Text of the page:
N‡a Jaqna dispute clarified
09 July 2018 | Environment
In the statement, released by the German embassy, the three parties confirmed that the affected communities were well involved in project planning and no formal objection has been uttered throughout the process.
“It must be emphasised that the lands ministry's PCLD does not force any development on Namibian communities, and shall only implement consensus-based decisions. The highly participatory nature of the planning process remains open for inputs from the local community structures,” the statement read.
The embassy further added that the development of the 53 198 hectare project area is equally aimed at supporting community-based tourism (craft centre, living museum, campsite) and to invest in community crop fields and means of utilisation and infrastructure as required.
The PCLD is a national programme implemented under the mandate of the lands ministry. The implementation of this programme is supported and partially funded jointly by the EU and Germany through KfW Development Bank.
According to the embassy, the draft investment plan for this project will include N$6.7 million for tourism, N$500 000 for crop production, and N$9 million for solar water points and elephant-proof installations. The beneficiaries include 135 San residents of the Aasvoëlnes community. Investment categories currently planned include ten solar boreholes, fencing and development of one model farm, a craft and activity centre, a living museum, the rehabilitation and extension of the community's fields and the provision of implements for the working and harvesting of these fields. “An iterative process was followed, in which four potential sites in the larger Tsumkwe West area were assessed and analysed. This was done together with the local community, the !Kung Traditional Authority, N‡a Jaqna conservancy representatives and line ministries in October 2017,” the embassy said.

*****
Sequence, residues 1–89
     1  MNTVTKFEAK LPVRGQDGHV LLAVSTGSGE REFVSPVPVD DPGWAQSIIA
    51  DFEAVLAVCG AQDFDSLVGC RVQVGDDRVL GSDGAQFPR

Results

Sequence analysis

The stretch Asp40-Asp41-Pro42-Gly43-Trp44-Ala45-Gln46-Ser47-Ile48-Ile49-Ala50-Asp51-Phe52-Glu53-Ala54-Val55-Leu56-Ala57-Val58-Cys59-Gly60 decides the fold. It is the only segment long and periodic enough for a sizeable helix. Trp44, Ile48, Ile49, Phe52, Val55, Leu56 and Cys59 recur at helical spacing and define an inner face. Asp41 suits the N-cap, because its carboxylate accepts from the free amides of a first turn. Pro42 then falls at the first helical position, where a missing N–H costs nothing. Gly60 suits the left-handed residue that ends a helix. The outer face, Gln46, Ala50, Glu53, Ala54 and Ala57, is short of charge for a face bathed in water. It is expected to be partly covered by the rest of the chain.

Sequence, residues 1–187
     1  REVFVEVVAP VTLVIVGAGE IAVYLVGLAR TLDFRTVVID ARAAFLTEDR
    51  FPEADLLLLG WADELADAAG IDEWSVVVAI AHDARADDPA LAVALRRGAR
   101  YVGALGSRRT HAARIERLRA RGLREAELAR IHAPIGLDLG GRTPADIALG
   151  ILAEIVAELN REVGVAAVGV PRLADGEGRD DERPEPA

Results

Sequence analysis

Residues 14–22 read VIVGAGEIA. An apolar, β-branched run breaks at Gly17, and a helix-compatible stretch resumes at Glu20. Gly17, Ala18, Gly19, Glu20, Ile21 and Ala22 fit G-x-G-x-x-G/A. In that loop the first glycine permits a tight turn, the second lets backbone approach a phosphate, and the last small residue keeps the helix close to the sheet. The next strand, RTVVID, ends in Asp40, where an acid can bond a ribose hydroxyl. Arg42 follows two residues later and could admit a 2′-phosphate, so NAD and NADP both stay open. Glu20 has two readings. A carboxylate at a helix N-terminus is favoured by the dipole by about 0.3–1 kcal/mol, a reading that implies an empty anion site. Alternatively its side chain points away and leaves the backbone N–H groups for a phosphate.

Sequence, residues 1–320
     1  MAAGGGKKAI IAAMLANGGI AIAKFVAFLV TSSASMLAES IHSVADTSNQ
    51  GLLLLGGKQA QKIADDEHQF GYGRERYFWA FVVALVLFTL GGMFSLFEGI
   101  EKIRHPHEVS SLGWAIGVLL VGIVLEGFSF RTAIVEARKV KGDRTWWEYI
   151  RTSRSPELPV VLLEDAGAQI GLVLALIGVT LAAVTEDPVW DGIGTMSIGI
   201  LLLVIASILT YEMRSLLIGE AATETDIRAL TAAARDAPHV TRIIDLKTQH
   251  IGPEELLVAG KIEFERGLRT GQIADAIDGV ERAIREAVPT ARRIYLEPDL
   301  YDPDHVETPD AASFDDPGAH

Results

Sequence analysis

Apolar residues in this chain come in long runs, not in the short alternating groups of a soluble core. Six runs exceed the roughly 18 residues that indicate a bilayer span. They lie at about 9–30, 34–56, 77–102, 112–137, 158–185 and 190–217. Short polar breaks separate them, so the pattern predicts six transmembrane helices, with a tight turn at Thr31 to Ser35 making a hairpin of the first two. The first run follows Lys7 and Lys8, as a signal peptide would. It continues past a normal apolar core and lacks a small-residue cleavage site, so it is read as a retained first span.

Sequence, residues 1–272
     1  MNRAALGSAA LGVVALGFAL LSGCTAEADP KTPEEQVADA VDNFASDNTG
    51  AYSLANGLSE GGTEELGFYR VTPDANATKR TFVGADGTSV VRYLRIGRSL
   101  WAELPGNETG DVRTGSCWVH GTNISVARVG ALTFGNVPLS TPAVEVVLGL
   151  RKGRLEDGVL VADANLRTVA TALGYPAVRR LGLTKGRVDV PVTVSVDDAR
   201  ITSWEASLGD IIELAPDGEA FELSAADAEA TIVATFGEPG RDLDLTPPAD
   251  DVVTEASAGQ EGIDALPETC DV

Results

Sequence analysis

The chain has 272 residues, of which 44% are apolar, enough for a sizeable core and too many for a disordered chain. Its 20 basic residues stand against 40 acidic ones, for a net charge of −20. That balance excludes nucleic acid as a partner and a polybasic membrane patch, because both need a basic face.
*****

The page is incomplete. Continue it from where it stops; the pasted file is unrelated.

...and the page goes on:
Important aspects that were considered during this process included a focus on areas without known disputes, areas with unexploited development potential, the availability of sufficient underground water, and areas with as yet limited or no infrastructure.
Furthermore, detailed mapping of all existing land rights and existing infrastructure in the project area, as well as socio-economic and production data gathered in collaboration with local residents, was presented in a map analysis report and extensively discussed at community level.
“It is a cornerstone of the PCLD implementation approach to avail as much information to the potential beneficiaries as possible, to enhance the decisions taken at public meetings.”
The embassy said a consensus decision was reached on 21 October last year to focus PCLD efforts on the Aasvoëlnes area. All of this is detailed in a site file, which has been availed to the public. The draft investment plan was open to public scrutiny and inputs from 4 to 12 June this year.
“The information was broadcast by radio and the site file and draft investment plans were made available to the public in the traditional authority's office, the offices of the lands ministry and the Aasvoëlnes school office.
On 29 June 2018, at a feedback meeting, the chief of the !Kung Traditional Authority expressed her satisfaction with local level participatory planning process and added that the authority would like the programme to continue until it is fully implemented.